It is worth pointing out the converse—that short-term synaptic depression reduces therobustness of such discrete attractors. Indeed, in Fig. 5, weshow that the range of parameters for which a bistable system exists is much narrower whensynapses are depressing (D) versus static (S) or facilitating (F). Since synaptic depressioncontributes a negative curvature to the f-I curve, it tends to reduce the“S-shape” needed for bistability. Or, perhaps more intuitively, high synapticstrength is needed to maintain a high-firing rate state if synapses are depressing, but suchhigh synaptic strength is more likely to render the low-firing rate spontaneous stateunstable.
The changes in the shape of the distribution of inter-release intervals caused by dynamicsynapses alter the fluctuations in post-synaptic conductance. In particular, facilitationenhances the variability and depression reduces the variability arising from a Poisson spiketrain. While the extra variability caused by facilitating synapses tends to destabilize amemory system, this effect was overwhelmed by the increase in stability due to therate-dependent changes in mean synaptic transmission described above. However, the increasein conductance variability, in particular, being on a slower timescale than membranepotential fluctuations, can be a factor in explaining the high CV of neural spiketrains.
Our calculations are based on a simplified formalism, in which the firing-rate curve (f-Icurve) of a neuron is first assumed or fit (Eq. (34), [22]) under in vivo-like conditions, assuming a given level of noise in the membranepotential. Since the shape of the f-I curve depends on both the mean and variance of theinput current [25, 26], it might appear invalid to discuss changes in the variability of input currentdue to dynamic synapses in the context of a fixed f-I curve. However, the time constants forshort-term synaptic plasticity and the NMDA receptor-mediated currents are more than anorder of magnitude greater than the time constant of the membrane potential under theconditions of strong, fluctuating balanced input that produce the irregularity of spiketrains seen in vivo. Since the neuron’s membrane potential can sample its probabilitydistribution—which determines the likelihood of a spike per unit time—morerapidly than the timescale for changes in that probability distribution, our analyticmethods provide a reasonable description of the circuit’s behavior (Fig. 4d).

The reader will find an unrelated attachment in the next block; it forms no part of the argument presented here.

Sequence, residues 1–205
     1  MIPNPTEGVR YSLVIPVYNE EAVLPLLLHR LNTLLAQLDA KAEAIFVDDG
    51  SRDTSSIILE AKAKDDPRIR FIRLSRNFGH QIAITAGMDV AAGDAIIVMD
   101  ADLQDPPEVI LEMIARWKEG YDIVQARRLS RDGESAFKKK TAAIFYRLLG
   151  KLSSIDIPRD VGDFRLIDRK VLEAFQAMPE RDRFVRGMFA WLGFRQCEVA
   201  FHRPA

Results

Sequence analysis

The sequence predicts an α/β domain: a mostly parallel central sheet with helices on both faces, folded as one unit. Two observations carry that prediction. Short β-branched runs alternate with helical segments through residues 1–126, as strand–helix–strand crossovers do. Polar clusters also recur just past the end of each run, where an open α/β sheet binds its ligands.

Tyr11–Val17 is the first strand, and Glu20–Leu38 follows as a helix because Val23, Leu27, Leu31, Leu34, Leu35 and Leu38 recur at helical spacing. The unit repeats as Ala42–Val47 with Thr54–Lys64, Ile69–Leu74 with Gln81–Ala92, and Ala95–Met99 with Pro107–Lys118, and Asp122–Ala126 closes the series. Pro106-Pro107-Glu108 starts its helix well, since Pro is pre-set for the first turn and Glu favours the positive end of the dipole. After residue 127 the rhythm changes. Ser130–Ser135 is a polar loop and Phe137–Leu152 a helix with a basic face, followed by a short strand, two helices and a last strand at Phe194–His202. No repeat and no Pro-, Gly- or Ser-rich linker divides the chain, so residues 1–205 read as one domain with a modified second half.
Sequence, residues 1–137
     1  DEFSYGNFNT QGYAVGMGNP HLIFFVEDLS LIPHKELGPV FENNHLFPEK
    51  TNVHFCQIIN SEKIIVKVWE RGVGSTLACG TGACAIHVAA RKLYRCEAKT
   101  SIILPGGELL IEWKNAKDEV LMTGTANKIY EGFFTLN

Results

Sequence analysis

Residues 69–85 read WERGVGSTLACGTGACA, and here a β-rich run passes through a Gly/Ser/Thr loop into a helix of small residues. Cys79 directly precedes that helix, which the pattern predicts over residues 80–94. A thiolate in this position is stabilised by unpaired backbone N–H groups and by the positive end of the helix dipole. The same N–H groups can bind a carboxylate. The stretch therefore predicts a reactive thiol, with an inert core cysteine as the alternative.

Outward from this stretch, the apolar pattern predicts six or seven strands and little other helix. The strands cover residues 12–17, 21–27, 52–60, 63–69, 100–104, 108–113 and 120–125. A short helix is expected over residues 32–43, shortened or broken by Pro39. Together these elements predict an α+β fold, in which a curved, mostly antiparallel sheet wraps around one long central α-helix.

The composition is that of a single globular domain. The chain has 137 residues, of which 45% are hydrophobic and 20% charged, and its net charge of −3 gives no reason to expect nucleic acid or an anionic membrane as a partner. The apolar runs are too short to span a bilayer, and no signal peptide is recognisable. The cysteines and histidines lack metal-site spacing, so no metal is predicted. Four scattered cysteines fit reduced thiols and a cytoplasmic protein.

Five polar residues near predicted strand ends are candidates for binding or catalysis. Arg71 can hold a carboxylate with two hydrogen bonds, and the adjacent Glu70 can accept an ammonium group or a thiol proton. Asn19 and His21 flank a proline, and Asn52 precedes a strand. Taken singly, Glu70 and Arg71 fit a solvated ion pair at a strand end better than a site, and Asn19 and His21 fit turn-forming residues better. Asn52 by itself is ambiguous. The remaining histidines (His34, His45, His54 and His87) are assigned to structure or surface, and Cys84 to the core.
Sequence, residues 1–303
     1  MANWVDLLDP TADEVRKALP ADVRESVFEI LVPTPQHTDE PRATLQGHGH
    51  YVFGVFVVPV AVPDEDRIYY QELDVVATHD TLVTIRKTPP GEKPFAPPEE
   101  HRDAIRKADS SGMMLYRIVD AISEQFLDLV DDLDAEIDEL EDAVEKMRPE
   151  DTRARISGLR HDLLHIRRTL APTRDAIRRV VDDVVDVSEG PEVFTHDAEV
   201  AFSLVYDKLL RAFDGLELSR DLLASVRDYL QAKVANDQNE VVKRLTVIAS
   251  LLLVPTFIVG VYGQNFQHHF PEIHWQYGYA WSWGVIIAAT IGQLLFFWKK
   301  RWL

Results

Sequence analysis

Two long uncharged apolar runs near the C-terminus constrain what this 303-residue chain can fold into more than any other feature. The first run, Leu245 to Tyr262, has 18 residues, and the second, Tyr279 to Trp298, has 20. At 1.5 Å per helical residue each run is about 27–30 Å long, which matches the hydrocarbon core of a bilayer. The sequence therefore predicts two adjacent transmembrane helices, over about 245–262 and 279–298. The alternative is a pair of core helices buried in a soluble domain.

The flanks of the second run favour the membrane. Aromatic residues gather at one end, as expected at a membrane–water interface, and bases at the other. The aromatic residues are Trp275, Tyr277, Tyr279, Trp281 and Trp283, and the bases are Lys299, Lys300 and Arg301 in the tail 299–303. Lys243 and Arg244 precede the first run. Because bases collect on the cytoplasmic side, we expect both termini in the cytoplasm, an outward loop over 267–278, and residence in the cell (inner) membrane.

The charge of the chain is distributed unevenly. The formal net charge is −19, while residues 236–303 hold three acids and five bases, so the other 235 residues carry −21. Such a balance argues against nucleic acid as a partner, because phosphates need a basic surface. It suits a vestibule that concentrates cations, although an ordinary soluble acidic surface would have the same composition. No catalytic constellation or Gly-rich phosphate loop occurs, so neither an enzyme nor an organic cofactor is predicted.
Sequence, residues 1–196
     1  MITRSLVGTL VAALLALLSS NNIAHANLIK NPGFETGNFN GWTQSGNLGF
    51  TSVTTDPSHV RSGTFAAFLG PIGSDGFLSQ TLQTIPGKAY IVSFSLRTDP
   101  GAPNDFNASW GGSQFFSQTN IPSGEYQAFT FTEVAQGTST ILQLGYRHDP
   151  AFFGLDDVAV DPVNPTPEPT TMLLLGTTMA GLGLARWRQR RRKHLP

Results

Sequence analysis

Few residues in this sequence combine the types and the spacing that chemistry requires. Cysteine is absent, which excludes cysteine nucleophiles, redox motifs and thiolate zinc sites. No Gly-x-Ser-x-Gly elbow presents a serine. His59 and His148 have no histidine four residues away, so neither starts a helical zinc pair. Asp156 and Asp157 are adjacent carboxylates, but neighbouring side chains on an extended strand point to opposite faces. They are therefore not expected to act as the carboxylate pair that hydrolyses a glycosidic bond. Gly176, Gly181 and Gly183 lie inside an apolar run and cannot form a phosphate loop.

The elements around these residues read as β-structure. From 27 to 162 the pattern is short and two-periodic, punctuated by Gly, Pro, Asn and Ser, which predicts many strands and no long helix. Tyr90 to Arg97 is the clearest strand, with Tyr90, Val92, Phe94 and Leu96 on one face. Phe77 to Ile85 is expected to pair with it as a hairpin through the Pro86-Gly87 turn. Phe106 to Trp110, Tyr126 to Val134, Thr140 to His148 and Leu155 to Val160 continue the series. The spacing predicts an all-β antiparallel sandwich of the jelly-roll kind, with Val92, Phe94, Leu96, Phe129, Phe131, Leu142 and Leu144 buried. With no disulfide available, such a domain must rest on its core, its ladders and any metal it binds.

In summary, we have demonstrated the ability of short-term synaptic facilitation tostabilize discrete attractor states of neural activity to noise. We have shown this bysimulations and through analytic methods, which include a consideration of how stochasticdynamic synapses mold the distribution of interrelease intervals (IRIs) into a form thatdiffers from the exponential distribution of incoming interspike intervals (ISIs). Thealtered IRI distribution affects both mean synaptic transmission and the variability oftransmission due to a presynaptic Poisson spike train—both of which have a strongimpact on the stability of memory states. The increased variability of synaptic transmissiondue to facilitation is more than countered by the effect of facilitation on mean synaptictransmission, which enhances the robustness of bistability, leading to stable memory stateswith fewer neurons.
Declarations
Authors’ Affiliations